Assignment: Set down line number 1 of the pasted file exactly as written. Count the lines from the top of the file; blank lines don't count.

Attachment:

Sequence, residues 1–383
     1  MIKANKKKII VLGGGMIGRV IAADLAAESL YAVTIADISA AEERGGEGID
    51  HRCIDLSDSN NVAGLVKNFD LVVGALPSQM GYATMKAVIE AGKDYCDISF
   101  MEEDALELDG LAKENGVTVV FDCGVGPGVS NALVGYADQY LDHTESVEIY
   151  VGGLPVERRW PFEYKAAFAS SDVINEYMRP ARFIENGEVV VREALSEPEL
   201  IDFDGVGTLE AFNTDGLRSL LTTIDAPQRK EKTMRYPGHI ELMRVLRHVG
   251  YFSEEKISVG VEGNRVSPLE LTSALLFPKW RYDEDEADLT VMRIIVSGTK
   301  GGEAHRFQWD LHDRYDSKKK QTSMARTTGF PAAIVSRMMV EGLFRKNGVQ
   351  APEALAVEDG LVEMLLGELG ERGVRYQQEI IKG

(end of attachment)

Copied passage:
Sequence, residues 1–383